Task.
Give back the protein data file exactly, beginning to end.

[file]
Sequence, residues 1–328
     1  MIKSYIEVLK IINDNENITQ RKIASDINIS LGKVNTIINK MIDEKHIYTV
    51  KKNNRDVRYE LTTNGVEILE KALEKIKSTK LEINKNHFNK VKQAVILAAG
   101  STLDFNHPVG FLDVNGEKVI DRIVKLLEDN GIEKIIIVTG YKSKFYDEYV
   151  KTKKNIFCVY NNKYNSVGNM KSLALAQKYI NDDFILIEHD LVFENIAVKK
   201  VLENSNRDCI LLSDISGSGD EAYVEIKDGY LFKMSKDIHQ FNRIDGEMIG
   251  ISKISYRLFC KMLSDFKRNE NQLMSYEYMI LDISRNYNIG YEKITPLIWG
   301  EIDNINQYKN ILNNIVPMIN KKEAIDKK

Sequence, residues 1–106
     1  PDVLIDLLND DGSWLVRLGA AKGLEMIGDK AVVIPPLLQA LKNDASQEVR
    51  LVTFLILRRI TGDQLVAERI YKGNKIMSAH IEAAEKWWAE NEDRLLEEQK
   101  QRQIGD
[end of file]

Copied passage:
Sequence, residues 1–328
     1  MIKSYIEVLK IINDNENITQ RKIASDINIS LGKVNTIINK MIDEKHIYTV
    51  KKNNRDVRYE LTTNGVEILE KALEKIKSTK LEINKNHFNK VKQAVILAAG
   101  STLDFNHPVG FLDVNGEKVI DRIVKLLEDN GIEKIIIVTG YKSKFYDEYV
   151  KTKKNIFCVY NNKYNSVGNM KSLALAQKYI NDDFILIEHD LVFENIAVKK
   201  VLENSNRDCI LLSDISGSGD EAYVEIKDGY LFKMSKDIHQ FNRIDGEMIG
   251  ISKISYRLFC KMLSDFKRNE NQLMSYEYMI LDISRNYNIG YEKITPLIWG
   301  EIDNINQYKN ILNNIVPMIN KKEAIDKK

Sequence, residues 1–106
     1  PDVLIDLLND DGSWLVRLGA AKGLEMIGDK AVVIPPLLQA LKNDASQEVR
    51  LVTFLILRRI TGDQLVAERI YKGNKIMSAH IEAAEKWWAE NEDRLLEEQK
   101  QRQIGD